Gerry Adams of Sinn Fein—now the third largest party in the Irish Republic—hailed the vote as opening "up the real prospect of democratic change, not just for the people of Greece, but for citizens right across the EU." Unemployment in Ireland is 10.7 percent, and tens of thousands of jobless young people have been forced to emigrate.


The German Social Democrats are generally supportive of the troika, but the Green Party hailed the Syriza victory and Die Linke Party members marched with signs reading, "We start with Greece. We change Europe."


Italian Prime Minister Matteo Renzi—who has his own issues with the EU's rigid approach to debt—hailed the Greek elections, and top aide Sandro Gozi said that Rome was ready to work with Syriza. The jobless rate in Italy is 13.4 percent, but 40 percent among youth.

The French Communist Party hailed the Greek elections as "Good news for the French people," and Jean-Luc Melenchon of the Parti de Gauche called for a left-wing alliance similar to Syriza. French President Francois Hollande made a careful statement about "growth and stability," but the Socialist leader is trying to quell a revolt by the left flank of his own party over austerity, and Paris is closer to Rome than it is to Berlin on the debt issue.


While the conservative government of Portugal was largely silent, Left Bloc Member of Parliament Marisa Matias told a rally, "A victory for Syriza is a victory for all of Europe."


In short, there are a number of currents in the EU and a growing recognition even among supporters of the troika that prevailing approach to debt is not sustainable.


One should have no illusions that Syriza will easily sweep the policies of austerity aside, but there is a palpable feeling on the continent that a tide is turning. It did not start with the Greek elections, but with last May's European Parliament elections, where anti-austerity parties made solid gains.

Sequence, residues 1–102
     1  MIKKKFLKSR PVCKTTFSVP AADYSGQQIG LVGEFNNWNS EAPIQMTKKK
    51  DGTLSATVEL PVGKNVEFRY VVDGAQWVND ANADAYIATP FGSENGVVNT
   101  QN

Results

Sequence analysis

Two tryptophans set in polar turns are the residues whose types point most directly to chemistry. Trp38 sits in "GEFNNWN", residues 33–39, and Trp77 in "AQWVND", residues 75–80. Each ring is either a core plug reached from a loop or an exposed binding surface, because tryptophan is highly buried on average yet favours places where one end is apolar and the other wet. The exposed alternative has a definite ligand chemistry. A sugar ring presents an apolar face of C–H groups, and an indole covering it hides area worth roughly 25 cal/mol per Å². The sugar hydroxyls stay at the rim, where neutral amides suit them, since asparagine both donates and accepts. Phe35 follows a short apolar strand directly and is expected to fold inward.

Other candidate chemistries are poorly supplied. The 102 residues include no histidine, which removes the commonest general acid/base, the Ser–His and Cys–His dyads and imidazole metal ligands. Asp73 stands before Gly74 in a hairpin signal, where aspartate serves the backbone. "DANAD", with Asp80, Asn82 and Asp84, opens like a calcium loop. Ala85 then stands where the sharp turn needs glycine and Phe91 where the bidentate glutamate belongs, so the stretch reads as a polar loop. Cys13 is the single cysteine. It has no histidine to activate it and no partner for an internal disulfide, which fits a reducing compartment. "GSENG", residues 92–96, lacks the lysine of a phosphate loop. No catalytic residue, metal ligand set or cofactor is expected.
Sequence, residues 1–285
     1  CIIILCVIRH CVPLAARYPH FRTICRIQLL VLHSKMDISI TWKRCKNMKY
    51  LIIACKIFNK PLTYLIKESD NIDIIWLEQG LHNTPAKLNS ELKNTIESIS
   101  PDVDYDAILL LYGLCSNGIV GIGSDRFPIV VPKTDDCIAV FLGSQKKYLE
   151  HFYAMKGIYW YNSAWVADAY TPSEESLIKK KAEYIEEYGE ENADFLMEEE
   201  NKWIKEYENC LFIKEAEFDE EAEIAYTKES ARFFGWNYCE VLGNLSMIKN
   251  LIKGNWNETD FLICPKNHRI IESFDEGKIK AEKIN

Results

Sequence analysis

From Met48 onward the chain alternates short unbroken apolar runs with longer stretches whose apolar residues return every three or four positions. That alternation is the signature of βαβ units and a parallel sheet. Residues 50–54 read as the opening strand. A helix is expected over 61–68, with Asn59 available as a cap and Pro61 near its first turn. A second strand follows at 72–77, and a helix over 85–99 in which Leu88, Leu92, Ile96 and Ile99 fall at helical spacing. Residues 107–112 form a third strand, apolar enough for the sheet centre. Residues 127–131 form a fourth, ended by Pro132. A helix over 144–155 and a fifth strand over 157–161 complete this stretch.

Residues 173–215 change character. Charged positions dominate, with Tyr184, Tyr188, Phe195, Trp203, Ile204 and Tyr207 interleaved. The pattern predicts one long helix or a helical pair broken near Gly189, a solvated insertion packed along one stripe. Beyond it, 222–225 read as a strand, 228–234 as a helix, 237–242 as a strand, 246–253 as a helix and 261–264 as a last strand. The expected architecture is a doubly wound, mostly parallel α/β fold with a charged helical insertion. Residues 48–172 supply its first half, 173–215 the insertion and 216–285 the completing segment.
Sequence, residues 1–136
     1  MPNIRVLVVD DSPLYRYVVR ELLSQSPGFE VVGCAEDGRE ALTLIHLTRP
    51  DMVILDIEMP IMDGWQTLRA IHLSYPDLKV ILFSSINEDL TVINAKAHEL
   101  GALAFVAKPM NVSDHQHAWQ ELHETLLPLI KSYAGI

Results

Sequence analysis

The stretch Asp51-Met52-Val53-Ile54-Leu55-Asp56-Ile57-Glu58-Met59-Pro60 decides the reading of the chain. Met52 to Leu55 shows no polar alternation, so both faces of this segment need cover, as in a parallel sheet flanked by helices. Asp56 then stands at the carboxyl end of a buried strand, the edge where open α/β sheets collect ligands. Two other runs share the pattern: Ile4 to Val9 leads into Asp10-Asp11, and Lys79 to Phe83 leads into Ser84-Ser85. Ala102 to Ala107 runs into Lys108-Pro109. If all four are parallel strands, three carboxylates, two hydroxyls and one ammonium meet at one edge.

While some right-wing parties that opportunistically donned a populist mantle also increased their vote, they could not do so where they were challenged by left anti-austerity parties. For instance, the right did well in Denmark, France, and Britain, but largely because there were no anti-austerity voices on the left in those races. Elsewhere the left generally defeated their rightist opponents.

If Syriza is to survive, however, it must deliver, and that will be a tall order given the power of its opponents.


At home, the Party will have to take on Greece's wealthy tax-dodging oligarchs if it hopes to extend democracy and start refilling the coffers drained by the troika's policies. It will also need to get a short-term cash infusion to meet its immediate obligations, but without giving in to yet more austerity demands by the troika.


For all the talk about Syriza being "extreme"—it stands for Coalition of the Radical Left— its program, as Greek journalist Kia Mistilis points, is "classic '70s social democracy": an enhanced safety net, debt moratorium, minimum wage raise, and economic stimulus.

Syriza is pushing for a European conference modeled on the 1953 London Debt Agreement that pulled Germany out of debt after World War II and launched the "wirtschaftswunder,"or economic miracle that created modern Germany. The Agreement waved more than 50 percent of Germany's debt, stretched out payments over 50 years, and made repayment of loans dependent on the country running a trade surplus.